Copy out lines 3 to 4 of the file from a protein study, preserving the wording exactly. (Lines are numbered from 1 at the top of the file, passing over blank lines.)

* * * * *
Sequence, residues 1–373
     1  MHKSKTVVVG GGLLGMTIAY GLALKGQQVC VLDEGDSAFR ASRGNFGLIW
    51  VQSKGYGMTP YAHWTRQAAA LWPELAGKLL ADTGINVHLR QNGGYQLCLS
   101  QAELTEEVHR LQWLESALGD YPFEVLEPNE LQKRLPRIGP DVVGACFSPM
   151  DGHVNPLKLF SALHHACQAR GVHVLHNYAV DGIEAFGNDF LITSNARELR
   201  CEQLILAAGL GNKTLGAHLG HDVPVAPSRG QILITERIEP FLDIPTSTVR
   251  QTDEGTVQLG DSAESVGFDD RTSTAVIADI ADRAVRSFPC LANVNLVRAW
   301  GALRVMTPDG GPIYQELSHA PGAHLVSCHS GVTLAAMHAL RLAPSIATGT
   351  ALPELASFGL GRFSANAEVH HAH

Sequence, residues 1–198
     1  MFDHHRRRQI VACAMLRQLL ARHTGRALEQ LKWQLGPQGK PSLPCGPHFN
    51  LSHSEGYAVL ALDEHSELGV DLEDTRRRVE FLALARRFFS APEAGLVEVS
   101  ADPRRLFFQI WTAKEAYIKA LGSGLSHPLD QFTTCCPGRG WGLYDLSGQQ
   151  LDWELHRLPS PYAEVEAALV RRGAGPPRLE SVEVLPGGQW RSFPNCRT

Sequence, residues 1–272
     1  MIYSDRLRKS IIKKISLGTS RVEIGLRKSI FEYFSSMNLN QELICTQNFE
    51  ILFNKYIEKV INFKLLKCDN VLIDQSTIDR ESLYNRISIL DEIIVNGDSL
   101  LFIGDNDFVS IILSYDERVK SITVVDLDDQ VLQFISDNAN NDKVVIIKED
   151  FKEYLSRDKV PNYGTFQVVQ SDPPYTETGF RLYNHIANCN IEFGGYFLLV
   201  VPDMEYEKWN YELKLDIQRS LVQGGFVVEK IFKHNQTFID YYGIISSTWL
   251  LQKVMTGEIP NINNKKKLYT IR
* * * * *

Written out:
    51  VQSKGYGMTP YAHWTRQAAA LWPELAGKLL ADTGINVHLR QNGGYQLCLS
   101  QAELTEEVHR LQWLESALGD YPFEVLEPNE LQKRLPRIGP DVVGACFSPM